The Senate bill was amended and approved by the Senate Homeland Security and Governmental Affairs at its business meeting on May 25, 2022;[5] the amended version is an improvement over the introduced version although it is still vague on the outcomes to be achieved. It is awaiting future action by the United States Senate and additional amendments to the committee-reported are likely to be offered; one such amendment may be offered by Senator Hassan (D-NH) relating to company compliance actions and penalties for non-compliance, as she previewed during the committee markup.

In addition, on April 13, 2022, the House Oversight Committee released a 52-page interim majority staff report titled “The Firm and the FDA: McKinsey & Company’s Conflicts of Interest at the Heart of the Opioid Epidemic.”[6] The report asserts that “McKinsey had significant and long-running conflicts of interest due to its overlapping and conflicting work for FDA and opioid manufacturers,”[7] and that McKinsey’s conduct raises significant questions about the lack of regulation over consulting companies that advise both the federal government and private sector clients.”[8]  The report addresses the FAR provisions on OCI, and acknowledges that the FDA included a generic OCI clause in many of the McKinsey contracts,[9] but faulted McKinsey for failing to make disclosures to the FDA regarding these “conflicting activities.”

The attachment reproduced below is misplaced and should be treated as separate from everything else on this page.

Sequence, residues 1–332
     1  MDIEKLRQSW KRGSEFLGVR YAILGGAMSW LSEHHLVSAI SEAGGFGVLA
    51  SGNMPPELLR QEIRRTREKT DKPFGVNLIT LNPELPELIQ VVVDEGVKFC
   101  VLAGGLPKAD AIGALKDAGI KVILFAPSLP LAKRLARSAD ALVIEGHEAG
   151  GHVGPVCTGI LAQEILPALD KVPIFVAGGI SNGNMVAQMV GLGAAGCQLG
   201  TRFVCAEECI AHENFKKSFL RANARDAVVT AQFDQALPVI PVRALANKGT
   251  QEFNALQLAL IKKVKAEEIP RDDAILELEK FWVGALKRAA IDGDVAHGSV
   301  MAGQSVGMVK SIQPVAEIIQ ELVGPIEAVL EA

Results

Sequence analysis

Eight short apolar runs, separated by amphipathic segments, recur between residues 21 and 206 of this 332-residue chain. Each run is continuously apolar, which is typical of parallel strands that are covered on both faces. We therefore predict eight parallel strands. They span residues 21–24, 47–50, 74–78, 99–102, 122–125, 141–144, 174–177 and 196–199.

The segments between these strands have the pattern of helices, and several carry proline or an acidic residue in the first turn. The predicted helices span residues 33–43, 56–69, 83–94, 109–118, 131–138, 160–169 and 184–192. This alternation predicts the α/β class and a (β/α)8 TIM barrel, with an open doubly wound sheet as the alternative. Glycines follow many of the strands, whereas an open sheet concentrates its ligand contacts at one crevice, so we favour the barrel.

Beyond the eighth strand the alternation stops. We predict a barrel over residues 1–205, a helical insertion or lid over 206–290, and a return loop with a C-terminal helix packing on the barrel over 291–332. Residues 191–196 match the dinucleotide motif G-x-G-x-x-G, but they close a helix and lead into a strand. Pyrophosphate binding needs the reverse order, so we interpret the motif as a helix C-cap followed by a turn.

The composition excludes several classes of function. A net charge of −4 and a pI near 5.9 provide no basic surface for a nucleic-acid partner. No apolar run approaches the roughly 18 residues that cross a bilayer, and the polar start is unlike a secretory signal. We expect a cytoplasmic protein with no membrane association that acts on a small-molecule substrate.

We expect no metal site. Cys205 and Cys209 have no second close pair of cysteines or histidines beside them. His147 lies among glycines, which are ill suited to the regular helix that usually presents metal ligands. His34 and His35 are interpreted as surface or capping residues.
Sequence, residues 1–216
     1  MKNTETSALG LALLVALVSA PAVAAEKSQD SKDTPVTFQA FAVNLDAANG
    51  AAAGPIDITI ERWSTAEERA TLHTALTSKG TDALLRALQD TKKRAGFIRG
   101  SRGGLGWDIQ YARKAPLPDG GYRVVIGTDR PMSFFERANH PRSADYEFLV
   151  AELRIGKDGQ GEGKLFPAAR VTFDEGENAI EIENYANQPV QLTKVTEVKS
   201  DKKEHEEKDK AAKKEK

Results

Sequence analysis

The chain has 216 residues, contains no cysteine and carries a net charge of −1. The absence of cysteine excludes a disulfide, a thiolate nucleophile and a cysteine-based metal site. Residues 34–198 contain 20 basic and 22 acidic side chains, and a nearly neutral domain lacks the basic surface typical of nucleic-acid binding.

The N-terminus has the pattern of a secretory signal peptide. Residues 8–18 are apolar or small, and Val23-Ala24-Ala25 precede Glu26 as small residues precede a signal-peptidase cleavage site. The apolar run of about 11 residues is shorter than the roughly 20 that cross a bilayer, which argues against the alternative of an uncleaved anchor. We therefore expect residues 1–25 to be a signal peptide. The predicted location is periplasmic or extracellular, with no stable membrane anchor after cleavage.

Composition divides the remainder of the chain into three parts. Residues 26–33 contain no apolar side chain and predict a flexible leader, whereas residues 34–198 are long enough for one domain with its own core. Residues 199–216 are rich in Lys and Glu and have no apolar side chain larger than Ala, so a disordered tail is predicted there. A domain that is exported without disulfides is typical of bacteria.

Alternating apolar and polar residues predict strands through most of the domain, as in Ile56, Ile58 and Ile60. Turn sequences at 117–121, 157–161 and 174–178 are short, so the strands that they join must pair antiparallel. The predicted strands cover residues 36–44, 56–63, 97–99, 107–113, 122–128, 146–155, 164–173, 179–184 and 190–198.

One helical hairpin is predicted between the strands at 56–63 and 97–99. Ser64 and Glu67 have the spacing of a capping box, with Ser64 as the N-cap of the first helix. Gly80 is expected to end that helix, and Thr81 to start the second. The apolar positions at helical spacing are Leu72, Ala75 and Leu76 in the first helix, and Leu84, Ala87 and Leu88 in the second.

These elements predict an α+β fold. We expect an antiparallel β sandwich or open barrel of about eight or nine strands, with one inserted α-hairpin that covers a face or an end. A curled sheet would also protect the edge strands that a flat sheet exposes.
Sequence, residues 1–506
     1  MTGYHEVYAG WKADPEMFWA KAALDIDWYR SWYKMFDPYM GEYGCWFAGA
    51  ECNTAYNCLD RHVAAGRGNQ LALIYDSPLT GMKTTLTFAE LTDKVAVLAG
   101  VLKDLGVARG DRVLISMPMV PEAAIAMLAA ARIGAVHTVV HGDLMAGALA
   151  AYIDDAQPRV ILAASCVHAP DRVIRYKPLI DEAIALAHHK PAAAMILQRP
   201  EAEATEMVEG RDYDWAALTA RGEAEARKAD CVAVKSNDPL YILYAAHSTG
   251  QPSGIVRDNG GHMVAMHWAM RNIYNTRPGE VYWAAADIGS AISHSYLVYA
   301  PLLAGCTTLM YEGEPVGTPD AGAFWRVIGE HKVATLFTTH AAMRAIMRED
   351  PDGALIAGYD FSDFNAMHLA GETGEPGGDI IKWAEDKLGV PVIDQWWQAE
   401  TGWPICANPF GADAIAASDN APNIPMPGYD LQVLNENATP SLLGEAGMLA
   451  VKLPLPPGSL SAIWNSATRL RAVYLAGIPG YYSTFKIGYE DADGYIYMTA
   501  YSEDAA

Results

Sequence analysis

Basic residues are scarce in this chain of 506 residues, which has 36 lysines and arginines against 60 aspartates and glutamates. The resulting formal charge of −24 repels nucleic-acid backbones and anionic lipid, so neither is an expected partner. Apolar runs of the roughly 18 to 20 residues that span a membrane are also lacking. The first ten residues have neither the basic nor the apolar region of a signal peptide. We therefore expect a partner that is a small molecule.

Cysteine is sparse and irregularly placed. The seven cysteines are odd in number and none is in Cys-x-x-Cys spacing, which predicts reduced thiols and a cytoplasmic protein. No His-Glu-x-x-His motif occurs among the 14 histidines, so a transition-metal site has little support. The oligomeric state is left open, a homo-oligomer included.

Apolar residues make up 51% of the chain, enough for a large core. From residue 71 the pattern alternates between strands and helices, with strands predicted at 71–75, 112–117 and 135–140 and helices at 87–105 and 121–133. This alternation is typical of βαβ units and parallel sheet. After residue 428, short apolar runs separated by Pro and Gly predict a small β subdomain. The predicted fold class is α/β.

So What?

Appropriately, the FAR has placed the initial responsibility on the buying activity and its purchasing contracting officer to identify what areas of contractor activity would give rise to the agency’s concern about an organizational conflict of interest. Once the contractor responds to that concern, it is incumbent on the agency to evaluate the risk and offered mitigation factors before making a source selection decision. Suggestions that agencies skip that first step – or shift the responsibility to future offerors or to current contractors to speculate on whether its actions do, or should, raise a concern with an agency – create untenable positions for both agencies and contractors.

Improvements can certainly be made in the current FAR coverage. For example, the acquisition community would benefit from updated FAR OCI examples based on what the government now buys (e.g. solutions, not simply products or services) and how the government now buys (e.g. through multiple-award IDIQ contracts). But before launching into unchartered territory, it is worth Congress and the FAR principals, including the Office of Federal Procurement Policy, engage contracting agencies, contractor representatives, and the legal community in a robust discussion of the FAR’s current and future OCI policy and practice.


***** an “excerpt” was published by Executive Mosaic*****


[1]Federal Acquisition Regulation Case 2011-001, “Withdrawal of Organizational Conflicts of Interest,” March 19, 2022, available at (concluding that “given the amount of time that has passed since publication of the proposed rule, and potential changed circumstances, a decision has been made not to proceed with finalization of the FAR rule”).

[2] S. 3905, introduced March 23, 2022, available at

[3] See press release from the Senate Homeland Security and Governmental Affairs Committee, March 28, 2022, available at

[4] HR 7602, introduced April 27, 2022, available at

[5] See press release from the Senate Homeland Security and Governmental Affairs Committee, May 25, 2022, available at